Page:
Contraception: What Stops Ovulation and What Doesn’t?

My sister had a hysterectomy in her late 30s for bleeding issues. As is common in young women having hysterectomies, the surgeons left her ovaries behind. Then, in her 40s, she began to have problems with ovarian cysts that were painful but not harmful.

She called me to ask what she could do. Because cysts tend to form from where ovulation occurs, I suggested that she do something to stop her ovaries from ovulating. Let's look at how this problem can be addressed through various types of birth control.

How do you stop ovulation?

The easiest way to stop ovulation is to use certain types of birth control. Some types of birth control work by stopping ovulation, while others work by different methods. It is important to know how each type works in order to choose the right type for each individual.

Birth Control Methods and How They Work

  • Combined Oral Contraceptives, or “birth control pills.” These pills are made with a combination of the hormones estrogen and progesterone. They must be taken daily and they do stop ovulation, the thin lining of the uterus, and thicken the cervical mucus. Women with contraindications to estrogen should not take them.
  • Progesterone Only Contraceptives, or “The Mini Pill.” These pills are made with the hormone progesterone only. They do not always stop ovulation, but they do thin the lining of the uterus, thicken the cervical mucus, and slow the motility of the fallopian tubes. These pills must be taken at the same time each day.
  • The NuvaRing. This flexible ring is placed inside the vagina and left there for 3 weeks at a time. The ring emits the hormones estrogen and progesterone, stops ovulation, thins the lining of the uterus, and thickens the cervical mucus. Women with contraindications to estrogen should not use the NuvaRing. The old ring must be removed in 3 weeks and then, after no ring has been in the vagina for 1 week, a new ring is inserted.
  • The Patch. This is a patch that's placed on the skin for 1-week intervals and that emits the hormones estrogen and progesterone. The patch stops ovulation, thins the lining of the uterus, and thickens the cervical mucus. Women with contraindications to estrogen should not use the patch. It must be removed and replaced by a new patch weekly for 3 weeks and then left off for a week before resuming.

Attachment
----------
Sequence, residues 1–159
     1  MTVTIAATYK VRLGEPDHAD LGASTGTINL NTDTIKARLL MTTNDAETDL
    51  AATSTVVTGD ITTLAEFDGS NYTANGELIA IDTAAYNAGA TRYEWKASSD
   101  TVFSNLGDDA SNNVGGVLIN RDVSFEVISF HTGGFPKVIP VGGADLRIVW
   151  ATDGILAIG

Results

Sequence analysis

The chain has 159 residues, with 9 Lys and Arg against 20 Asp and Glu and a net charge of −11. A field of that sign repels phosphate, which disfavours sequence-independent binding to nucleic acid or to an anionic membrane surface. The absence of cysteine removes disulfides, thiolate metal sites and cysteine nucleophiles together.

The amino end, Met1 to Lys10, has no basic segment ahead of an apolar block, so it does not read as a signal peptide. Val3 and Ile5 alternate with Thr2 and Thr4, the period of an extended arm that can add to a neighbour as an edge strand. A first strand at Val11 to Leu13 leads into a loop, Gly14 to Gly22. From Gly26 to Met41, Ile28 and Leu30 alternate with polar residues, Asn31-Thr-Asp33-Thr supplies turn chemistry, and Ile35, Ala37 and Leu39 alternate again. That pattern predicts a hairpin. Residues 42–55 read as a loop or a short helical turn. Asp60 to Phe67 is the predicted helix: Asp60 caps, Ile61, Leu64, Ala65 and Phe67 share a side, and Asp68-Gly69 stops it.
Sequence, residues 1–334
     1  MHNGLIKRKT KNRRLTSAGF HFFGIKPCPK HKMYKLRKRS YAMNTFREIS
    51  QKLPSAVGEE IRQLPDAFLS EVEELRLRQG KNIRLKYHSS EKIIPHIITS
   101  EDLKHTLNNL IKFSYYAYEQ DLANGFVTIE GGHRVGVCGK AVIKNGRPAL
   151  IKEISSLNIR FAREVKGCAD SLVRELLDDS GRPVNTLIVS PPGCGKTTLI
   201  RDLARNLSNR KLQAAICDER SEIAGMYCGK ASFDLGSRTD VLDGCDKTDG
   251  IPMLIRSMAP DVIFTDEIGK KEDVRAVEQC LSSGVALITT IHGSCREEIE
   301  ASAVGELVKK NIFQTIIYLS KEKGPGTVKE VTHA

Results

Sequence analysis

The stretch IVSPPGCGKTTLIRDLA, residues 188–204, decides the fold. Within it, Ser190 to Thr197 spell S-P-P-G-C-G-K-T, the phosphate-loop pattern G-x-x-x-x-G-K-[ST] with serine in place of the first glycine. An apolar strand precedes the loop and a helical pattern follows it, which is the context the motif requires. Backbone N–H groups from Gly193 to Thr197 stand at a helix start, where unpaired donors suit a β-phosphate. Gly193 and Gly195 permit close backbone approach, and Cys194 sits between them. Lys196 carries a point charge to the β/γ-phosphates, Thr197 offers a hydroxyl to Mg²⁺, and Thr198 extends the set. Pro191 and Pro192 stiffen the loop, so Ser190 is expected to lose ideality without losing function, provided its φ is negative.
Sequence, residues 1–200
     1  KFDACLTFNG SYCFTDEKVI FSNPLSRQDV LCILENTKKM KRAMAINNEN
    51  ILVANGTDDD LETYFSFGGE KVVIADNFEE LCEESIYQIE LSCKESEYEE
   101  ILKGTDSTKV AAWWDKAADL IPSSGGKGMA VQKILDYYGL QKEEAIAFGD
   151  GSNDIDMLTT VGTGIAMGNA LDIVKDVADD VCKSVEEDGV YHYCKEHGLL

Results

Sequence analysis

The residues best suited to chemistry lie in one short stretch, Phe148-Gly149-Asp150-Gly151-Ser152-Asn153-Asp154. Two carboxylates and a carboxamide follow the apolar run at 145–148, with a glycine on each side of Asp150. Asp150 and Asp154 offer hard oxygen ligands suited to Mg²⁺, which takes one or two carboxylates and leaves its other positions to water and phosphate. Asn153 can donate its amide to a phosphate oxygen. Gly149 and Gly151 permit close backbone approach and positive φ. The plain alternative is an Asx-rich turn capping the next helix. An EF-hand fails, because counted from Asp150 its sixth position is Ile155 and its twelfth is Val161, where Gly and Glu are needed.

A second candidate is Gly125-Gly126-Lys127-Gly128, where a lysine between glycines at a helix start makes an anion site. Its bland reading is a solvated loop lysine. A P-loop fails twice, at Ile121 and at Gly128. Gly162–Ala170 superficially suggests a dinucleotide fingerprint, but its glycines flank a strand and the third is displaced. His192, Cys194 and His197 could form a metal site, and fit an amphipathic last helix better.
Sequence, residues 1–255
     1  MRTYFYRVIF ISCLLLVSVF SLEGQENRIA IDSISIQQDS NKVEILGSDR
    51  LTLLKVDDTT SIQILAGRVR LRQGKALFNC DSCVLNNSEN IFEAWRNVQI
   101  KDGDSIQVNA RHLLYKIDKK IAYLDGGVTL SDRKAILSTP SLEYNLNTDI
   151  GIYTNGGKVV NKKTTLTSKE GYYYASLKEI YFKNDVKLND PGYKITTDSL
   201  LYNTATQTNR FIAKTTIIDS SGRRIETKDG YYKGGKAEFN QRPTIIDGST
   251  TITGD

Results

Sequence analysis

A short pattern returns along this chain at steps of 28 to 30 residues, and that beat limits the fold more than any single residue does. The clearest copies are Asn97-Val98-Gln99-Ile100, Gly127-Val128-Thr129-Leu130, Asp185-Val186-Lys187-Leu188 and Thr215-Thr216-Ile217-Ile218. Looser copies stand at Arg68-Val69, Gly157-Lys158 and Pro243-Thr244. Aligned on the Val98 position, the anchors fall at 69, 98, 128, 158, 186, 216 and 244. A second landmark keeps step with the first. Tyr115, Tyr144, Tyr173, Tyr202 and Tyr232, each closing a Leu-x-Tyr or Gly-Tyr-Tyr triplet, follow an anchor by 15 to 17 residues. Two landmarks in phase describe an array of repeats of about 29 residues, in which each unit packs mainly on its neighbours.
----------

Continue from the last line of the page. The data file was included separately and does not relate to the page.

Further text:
• Depo-Provera. This is an injection of the hormone progesterone that's given every 12 weeks. It stops ovulation, thins the uterine lining, and thickens the cervical mucus, and it also leaches calcium from the bones. The injection must be received every 12 weeks.
  • IMPLANON. This is a flexible silicone rod placed under the skin of the inner upper arm that emits the hormone progesterone for 3 years. The rod stops ovulation, thins the uterine lining, and thickens the cervical mucus. It must be placed and removed by a trained health care provider.
  • The Mirena IUD (intrauterine device). This is a small plastic device inserted into the uterus that emits the hormone progesterone locally to the uterus only. This permanent device lasts for 5 years but does not stop ovulation. It does thicken the cervical mucus, thin the uterine lining, and slow the spontaneous movement of the fallopian tubes. It must be placed and removed by a trained health care provider.
  • The ParaGard IUD. This is a small plastic device wrapped in copper and inserted into the uterus for 10 years. The device does not stop ovulation and, like the Mirena IUD, it thickens the cervical mucus, disrupts the uterine lining, slows the motility of the fallopian tubes, and must be placed and removed by a trained health care provider.
  • Barrier methods (condoms, diaphragms, cervical caps, spermicides). These methods block the sperm from progressing up to the egg. They do not stop ovulation, may help prevent some sexually transmitted diseases, and must be used consistently with every act of intercourse.
  • The morning-after pill. This is a concentrated dose of the hormone progesterone that must be taken within 5 days of unprotected intercourse. The sooner it’s taken after intercourse, the better it works. It stops ovulation, thins the uterine lining, and thickens cervical mucus. This pill should only be used as a backup method, not as a primary method of birth control.

Choosing the Right Method

Birth control obviously works for preventing pregnancy and there are many options to choose from. Some methods of birth control are also used to treat and prevent other problems that women encounter, such as ovarian cysts or the overgrowth of the uterine lining that leads to uterine cancer. Whether you need birth control to prevent pregnancy or for another reason, you will need to work with your health care provider to choose the method that's right for you.

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